Richard Lester, the director of the second Beatles movie “Help!” said he wanted to make a film in the vein of the Marx Brothers’ “Duck Soup.” He delivered a madcap story about members of a sinister cult chasing Ringo because a sacred ring needed to perform sacrifices was stuck on his finger.

The working title of the 1965 film was “Eight Arms to Hold You.” According to a cousin, Lennon came home one night and said, “God! They’ve changed the title of the film. It’s going to be called ‘Help!’ now. So I’ve had to write a new song with the title called ‘Help!'”

Paul McCartney gets credit as co-writer, but he acknowledged that the song was Lennon’s baby.

Lennon elaborated in 1980. “I just wrote the song because I was commissioned to write it for the movie. But later, I knew I really was crying out for help.

“So it was my fat Elvis period. You see the movie: he — I — is very fat, very insecure, and he’s completely lost himself. And I am singing about when I was so much younger and all the rest, looking back at how easy it was.”

Amazing. Lennon was asked to conjure up a usable song with the title “Help!” and he delivered something this good.

Help

Help!

By The Beatles, 1965

Written by John Lennon and Paul McCartney

Help! I need somebody.
Help! Not just anybody.
Help! You know I need someone.
Help!

When I was younger, so much younger than today,
I never needed anybody’s help in any way.
But now, these days are gone, and I’m not so self-assured.
Now I find I’ve changed my mind. I’ve opened up the doors.

Help me if you can, I’m feeling down.
And I do appreciate you being ’round.
Help me get my feet back on the ground.
Won’t you please, please help me?

And now my life has changed in oh, so many ways.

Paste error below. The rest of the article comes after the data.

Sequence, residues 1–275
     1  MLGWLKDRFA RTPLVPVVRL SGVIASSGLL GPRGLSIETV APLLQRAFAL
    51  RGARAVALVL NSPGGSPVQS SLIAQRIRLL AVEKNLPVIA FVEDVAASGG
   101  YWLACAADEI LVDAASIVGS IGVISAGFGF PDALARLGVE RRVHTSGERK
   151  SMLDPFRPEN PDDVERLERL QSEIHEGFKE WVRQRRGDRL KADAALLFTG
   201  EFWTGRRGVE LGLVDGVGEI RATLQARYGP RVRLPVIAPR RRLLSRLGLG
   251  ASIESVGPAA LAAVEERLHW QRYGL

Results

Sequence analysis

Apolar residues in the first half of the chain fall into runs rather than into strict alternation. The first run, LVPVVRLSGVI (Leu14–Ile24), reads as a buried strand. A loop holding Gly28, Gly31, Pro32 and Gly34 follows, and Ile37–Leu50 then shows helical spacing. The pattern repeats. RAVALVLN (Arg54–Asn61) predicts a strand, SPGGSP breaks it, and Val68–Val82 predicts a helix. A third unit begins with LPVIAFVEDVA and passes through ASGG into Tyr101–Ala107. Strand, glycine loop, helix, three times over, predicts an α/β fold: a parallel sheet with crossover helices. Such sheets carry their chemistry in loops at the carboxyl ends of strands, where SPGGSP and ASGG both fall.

My independence seems to vanish in the haze.
But every now and then, I feel so insecure.
I know that I just need you like I’ve never done before.

Help me if you can, I’m feeling down.
And I do appreciate you being ’round.
Help me get my feet back on the ground.
Won’t you please, please help me?

When I was younger, so much younger than today,
I never needed anybody’s help in any way.
But now, these days are gone, and I’m not so self-assured.
Now I find I’ve changed my mind. I’ve opened up the doors.

Help me if you can, I’m feeling down.
And I do appreciate you being ’round.
Help me get my feet back on the ground.
Won’t you please, please help me?

Help me, help me, Ooh.

 

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Tune o’ the Day

The English poet George Gordon, Lord Byron popularized the phrase “time, the avenger” in the 1880s. If you’re like me, however, you probably think of Chrissie Hynde and the Pretenders when you hear it.

Their song “Time the Avenger” is the story of a married businessman who has an affair, drinks to numb his feelings, eventually realizes that time is no longer on his side, and ends up on the street with his possessions in a briefcase.